But here's the thing; the Ideal Gas Law does not say shit about mass.  Pressure is a function of how many molecules are bouncing around inside the nozzle at any given instant and how hot they are.  So, for a given temperature and pressure limit a kerolox or hypergolic fuel will beat hydrolox, because for a given number of molecules bouncing around at a given temperature (i.e. a given pressure, more or less), a hydrolox engine will have lower mass flow because its exhaust products are lighter.  Actually, it's worse than that, because hydrolox burns at a higher temperature, which further drives nozzle mass.

 

So the very qualities that make hydrolox have high ISP also kneecap its thrust to weight ratio, which means that a first stage using hydrolox will also lose more of its total energy budget to gravity drag.

Share this post


Link to post
Share on other sites

Black Arrow, which used kerosene and hydrogen peroxide (a combination which has recently come into favor among SH members), has the following numbers (per E.A.);

 

mass: 18038 kg

payload: 73 kg

payload/mass ratio: .0040

 

Pretty poor, but bear in mind this was a nation's (UK) first attempt at a satellite launcher, in 1970. A modern rocket using kerosene/peroxide designed for payload capacity and economics would certainly do better.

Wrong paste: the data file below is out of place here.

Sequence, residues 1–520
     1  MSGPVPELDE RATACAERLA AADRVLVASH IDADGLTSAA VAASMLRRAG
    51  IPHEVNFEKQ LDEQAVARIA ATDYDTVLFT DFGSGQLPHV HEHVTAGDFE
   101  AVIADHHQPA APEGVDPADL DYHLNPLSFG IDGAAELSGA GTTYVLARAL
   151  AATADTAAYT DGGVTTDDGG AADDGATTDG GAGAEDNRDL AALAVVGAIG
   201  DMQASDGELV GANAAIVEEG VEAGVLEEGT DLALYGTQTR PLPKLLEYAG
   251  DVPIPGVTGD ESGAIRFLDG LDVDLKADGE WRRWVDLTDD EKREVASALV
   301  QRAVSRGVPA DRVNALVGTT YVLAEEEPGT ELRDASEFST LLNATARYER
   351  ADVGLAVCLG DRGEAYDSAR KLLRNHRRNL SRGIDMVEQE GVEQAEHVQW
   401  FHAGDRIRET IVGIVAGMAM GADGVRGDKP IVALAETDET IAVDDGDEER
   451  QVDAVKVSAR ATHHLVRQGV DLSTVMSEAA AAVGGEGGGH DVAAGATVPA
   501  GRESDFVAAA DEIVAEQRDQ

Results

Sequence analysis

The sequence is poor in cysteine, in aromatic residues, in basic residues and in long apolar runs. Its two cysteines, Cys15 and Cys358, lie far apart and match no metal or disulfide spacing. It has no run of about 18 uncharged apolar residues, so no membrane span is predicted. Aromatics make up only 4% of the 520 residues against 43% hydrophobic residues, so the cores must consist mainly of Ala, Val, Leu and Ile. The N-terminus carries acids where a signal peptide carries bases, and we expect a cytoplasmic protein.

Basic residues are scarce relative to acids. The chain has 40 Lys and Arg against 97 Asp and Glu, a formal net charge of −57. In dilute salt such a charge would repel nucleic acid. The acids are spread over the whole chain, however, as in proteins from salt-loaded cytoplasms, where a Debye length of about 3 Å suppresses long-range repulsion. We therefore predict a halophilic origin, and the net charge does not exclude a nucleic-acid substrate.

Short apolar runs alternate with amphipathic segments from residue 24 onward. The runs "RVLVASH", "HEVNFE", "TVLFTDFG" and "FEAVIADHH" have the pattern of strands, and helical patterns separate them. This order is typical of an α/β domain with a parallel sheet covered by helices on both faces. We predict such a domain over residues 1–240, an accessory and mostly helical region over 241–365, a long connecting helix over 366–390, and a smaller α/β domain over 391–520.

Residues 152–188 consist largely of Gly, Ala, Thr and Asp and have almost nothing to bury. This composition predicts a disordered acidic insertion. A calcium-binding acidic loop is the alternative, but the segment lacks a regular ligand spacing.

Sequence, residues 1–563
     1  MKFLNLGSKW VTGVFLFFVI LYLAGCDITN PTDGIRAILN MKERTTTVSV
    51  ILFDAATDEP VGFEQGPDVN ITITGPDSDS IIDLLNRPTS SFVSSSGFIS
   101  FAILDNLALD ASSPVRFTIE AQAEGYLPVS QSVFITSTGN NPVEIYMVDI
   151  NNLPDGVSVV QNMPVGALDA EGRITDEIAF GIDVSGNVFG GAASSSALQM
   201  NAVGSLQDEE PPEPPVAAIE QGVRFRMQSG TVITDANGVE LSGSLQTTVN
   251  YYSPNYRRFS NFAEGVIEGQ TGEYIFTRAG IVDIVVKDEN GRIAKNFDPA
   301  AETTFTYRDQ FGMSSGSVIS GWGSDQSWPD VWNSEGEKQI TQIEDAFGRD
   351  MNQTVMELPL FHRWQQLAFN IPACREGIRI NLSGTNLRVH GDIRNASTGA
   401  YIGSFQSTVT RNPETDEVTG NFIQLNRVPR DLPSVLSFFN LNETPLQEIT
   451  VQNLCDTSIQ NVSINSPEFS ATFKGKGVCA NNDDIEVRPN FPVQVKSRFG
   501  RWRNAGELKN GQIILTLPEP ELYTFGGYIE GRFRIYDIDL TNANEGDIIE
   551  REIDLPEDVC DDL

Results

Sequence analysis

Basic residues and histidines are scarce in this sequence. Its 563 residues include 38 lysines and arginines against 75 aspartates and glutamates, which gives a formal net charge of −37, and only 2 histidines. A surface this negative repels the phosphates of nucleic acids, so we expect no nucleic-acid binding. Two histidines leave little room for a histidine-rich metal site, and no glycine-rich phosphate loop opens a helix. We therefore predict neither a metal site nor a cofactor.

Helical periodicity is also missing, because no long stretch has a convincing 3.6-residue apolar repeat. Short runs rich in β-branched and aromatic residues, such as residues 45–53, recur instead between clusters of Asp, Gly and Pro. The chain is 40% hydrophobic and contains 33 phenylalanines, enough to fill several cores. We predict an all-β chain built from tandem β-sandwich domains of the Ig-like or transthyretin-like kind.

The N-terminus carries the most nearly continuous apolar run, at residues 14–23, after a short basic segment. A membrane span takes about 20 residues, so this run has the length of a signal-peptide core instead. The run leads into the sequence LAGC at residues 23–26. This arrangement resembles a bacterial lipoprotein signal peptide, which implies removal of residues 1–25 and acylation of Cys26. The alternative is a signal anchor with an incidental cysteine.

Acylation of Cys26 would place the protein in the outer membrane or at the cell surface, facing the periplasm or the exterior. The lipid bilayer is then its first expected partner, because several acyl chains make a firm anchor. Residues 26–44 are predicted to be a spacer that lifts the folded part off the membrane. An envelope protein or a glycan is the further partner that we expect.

Share this post


Link to post
Share on other sites
2 hours ago, LostCosmonaut said:

Black Arrow, which used kerosene and hydrogen peroxide (a combination which has recently come into favor among SH members), has the following numbers (per E.A.);

 

mass: 18038 kg

payload: 73 kg

payload/mass ratio: .0040

 

Pretty poor, but bear in mind this was a nation's (UK) first attempt at a satellite launcher, in 1970. A modern rocket using kerosene/peroxide designed for payload capacity and economics would certainly do better.

 

Also your scaling factors are massively against going small. That's also how BFR can have a payload fraction approaching 0.06.

 

I think Astronautix numbers for the Black Arrow may be wrong, as well. But it wouldn't surprise me if the Brits were just bade at rikkits.

Share this post


Link to post
Share on other sites

Create an account or sign in to comment

You need to be a member in order to leave a comment

Create an account

Sign up for a new account in our community. It's easy!

Register a new account

Sign in

Already have an account? Sign in here.

Sign In Now

×